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The association between obesity and the diagnosis of androgen deficiency in symptomatic ageing men.
Med J Aust. 2006 Oct 16; 185(8):424-7.MJ

Abstract

OBJECTIVE

To determine the influence of obesity on the diagnosis of age-related androgen deficiency (AD) in symptomatic men according to current Australian guidelines.

DESIGN, SETTING AND PARTICIPANTS

A community-based cohort of healthy ageing men with symptoms suggestive of AD was studied between May 2001 and February 2003. Men were classified as obese or non-obese according to body mass index (BMI) or waist circumference (WC).

MAIN OUTCOME MEASURE

Diagnosis of AD according to Endocrine Society of Australia (ESA) guidelines.

RESULTS

223 men aged 54-86 years with mean BMI 27.3 +/- 0.2 kg/m2 (range 20.5-36.2 kg/m2) were recruited; 99 men were obese (BMI > or = 30.0 kg/m2 or WC > or = 102 cm) and 124 men were non-obese. Obese men had lower total testosterone (TT) (12.7 +/- 0.4 v 15.0 +/- 0.4 nmol/L); P < 0.001) and calculated free testosterone (275.7 +/- 7.8 v 299.3 +/- 7.4 pmol/L); P = 0.03) levels than non-obese men. TT levels < 8 nmol/L were recorded in 12% of obese men and 1% of non-obese men. Applying the ESA guidelines for the diagnosis of age-related AD, 15 obese men (15%) and 4 non-obese men (3%) were classified as being eligible for androgen therapy supported by the Pharmaceutical Benefits Scheme (PBS); the relative risk in obese men was 1.92 (95% CI, 1.44-2.55; P < 0.001).

CONCLUSION

Obesity is an important determinant of serum TT levels in ageing men. Almost one in seven obese men but only one in 30 non-obese men in our study were eligible for PBS-supported androgen therapy according to Australian guidelines. Although obese men are more likely to have biochemical hypoandrogenism, the clinical implications of this remain uncertain. Studies of testosterone therapy in this group of ageing men are needed to determine whether androgen replacement is beneficial.

Authors+Show Affiliations

Prince Henry's Institute, Melbourne, VIC, Australia.No affiliation info availableNo affiliation info availableNo affiliation info availableNo affiliation info available

Pub Type(s)

Journal Article
Research Support, Non-U.S. Gov't

Language

eng

PubMed ID

17137431

Citation

Allan, Carolyn A., et al. "The Association Between Obesity and the Diagnosis of Androgen Deficiency in Symptomatic Ageing Men." The Medical Journal of Australia, vol. 185, no. 8, 2006, pp. 424-7.
Allan CA, Strauss BJ, Burger HG, et al. The association between obesity and the diagnosis of androgen deficiency in symptomatic ageing men. Med J Aust. 2006;185(8):424-7.
Allan, C. A., Strauss, B. J., Burger, H. G., Forbes, E. A., & McLachlan, R. I. (2006). The association between obesity and the diagnosis of androgen deficiency in symptomatic ageing men. The Medical Journal of Australia, 185(8), 424-7.
Allan CA, et al. The Association Between Obesity and the Diagnosis of Androgen Deficiency in Symptomatic Ageing Men. Med J Aust. 2006 Oct 16;185(8):424-7. PubMed PMID: 17137431.
* Article titles in AMA citation format should be in sentence-case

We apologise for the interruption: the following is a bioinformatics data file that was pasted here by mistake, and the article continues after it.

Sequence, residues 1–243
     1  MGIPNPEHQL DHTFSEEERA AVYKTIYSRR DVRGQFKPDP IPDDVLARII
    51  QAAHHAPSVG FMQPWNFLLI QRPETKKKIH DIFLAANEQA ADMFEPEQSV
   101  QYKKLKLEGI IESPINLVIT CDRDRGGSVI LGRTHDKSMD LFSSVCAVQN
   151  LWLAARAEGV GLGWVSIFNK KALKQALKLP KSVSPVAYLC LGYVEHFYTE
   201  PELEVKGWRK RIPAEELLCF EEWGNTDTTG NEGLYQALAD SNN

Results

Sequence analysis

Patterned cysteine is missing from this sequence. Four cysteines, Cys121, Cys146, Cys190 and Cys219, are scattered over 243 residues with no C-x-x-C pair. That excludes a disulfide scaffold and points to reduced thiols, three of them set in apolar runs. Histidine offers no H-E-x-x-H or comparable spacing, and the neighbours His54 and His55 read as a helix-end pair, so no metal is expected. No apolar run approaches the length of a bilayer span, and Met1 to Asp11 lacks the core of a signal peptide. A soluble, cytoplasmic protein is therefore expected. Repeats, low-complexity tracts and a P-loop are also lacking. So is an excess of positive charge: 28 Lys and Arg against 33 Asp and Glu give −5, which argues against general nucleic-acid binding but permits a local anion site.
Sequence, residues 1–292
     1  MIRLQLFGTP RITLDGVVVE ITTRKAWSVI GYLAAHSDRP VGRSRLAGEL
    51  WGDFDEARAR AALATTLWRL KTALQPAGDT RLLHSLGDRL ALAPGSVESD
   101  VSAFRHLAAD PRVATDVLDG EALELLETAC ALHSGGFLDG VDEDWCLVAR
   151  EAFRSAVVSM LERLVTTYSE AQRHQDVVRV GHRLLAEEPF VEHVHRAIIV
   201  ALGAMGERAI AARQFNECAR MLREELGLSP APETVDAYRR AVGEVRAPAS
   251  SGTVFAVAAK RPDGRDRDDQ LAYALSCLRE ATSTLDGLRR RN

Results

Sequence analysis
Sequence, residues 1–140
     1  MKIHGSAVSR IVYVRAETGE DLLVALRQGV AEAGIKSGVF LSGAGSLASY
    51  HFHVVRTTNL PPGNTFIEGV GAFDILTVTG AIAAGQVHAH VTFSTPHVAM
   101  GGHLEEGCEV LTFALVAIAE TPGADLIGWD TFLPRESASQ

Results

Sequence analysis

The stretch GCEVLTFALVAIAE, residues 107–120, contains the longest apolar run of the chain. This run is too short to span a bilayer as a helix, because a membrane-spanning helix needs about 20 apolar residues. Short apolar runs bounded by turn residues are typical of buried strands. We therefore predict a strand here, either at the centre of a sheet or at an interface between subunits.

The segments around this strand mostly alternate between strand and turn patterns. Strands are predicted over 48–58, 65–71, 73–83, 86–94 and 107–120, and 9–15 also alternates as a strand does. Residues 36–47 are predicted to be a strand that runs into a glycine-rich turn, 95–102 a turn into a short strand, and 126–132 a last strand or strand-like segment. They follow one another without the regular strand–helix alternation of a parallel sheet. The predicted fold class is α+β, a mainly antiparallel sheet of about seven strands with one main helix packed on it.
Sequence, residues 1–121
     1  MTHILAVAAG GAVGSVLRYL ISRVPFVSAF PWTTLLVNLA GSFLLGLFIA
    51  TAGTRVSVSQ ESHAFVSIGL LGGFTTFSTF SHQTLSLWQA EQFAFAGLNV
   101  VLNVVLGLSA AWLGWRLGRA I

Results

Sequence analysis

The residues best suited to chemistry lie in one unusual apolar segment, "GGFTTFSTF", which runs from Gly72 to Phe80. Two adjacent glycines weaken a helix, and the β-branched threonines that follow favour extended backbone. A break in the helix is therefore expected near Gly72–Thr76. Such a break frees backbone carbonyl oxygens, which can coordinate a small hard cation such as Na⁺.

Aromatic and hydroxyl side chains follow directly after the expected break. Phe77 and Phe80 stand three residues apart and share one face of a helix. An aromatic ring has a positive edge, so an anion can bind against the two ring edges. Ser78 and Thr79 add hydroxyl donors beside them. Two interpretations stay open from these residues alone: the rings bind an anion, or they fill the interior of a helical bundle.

TY - JOUR T1 - The association between obesity and the diagnosis of androgen deficiency in symptomatic ageing men. AU - Allan,Carolyn A, AU - Strauss,Boyd J, AU - Burger,Henry G, AU - Forbes,Elise A, AU - McLachlan,Robert I, PY - 2006/06/20/received PY - 2006/08/30/accepted PY - 2006/12/2/pubmed PY - 2007/1/11/medline PY - 2006/12/2/entrez SP - 424 EP - 7 JF - The Medical journal of Australia JO - Med. J. Aust. VL - 185 IS - 8 N2 - OBJECTIVE: To determine the influence of obesity on the diagnosis of age-related androgen deficiency (AD) in symptomatic men according to current Australian guidelines. DESIGN, SETTING AND PARTICIPANTS: A community-based cohort of healthy ageing men with symptoms suggestive of AD was studied between May 2001 and February 2003. Men were classified as obese or non-obese according to body mass index (BMI) or waist circumference (WC). MAIN OUTCOME MEASURE: Diagnosis of AD according to Endocrine Society of Australia (ESA) guidelines. RESULTS: 223 men aged 54-86 years with mean BMI 27.3 +/- 0.2 kg/m2 (range 20.5-36.2 kg/m2) were recruited; 99 men were obese (BMI > or = 30.0 kg/m2 or WC > or = 102 cm) and 124 men were non-obese. Obese men had lower total testosterone (TT) (12.7 +/- 0.4 v 15.0 +/- 0.4 nmol/L); P < 0.001) and calculated free testosterone (275.7 +/- 7.8 v 299.3 +/- 7.4 pmol/L); P = 0.03) levels than non-obese men. TT levels < 8 nmol/L were recorded in 12% of obese men and 1% of non-obese men. Applying the ESA guidelines for the diagnosis of age-related AD, 15 obese men (15%) and 4 non-obese men (3%) were classified as being eligible for androgen therapy supported by the Pharmaceutical Benefits Scheme (PBS); the relative risk in obese men was 1.92 (95% CI, 1.44-2.55; P < 0.001). CONCLUSION: Obesity is an important determinant of serum TT levels in ageing men. Almost one in seven obese men but only one in 30 non-obese men in our study were eligible for PBS-supported androgen therapy according to Australian guidelines. Although obese men are more likely to have biochemical hypoandrogenism, the clinical implications of this remain uncertain. Studies of testosterone therapy in this group of ageing men are needed to determine whether androgen replacement is beneficial. SN - 0025-729X UR - https://www.unboundmedicine.com/medline/citation/17137431/The_association_between_obesity_and_the_diagnosis_of_androgen_deficiency_in_symptomatic_ageing_men_ L2 - https://www.mja.com.au/public/issues/185_08_161006/all10670_fm.html DB - PRIME DP - Unbound Medicine ER -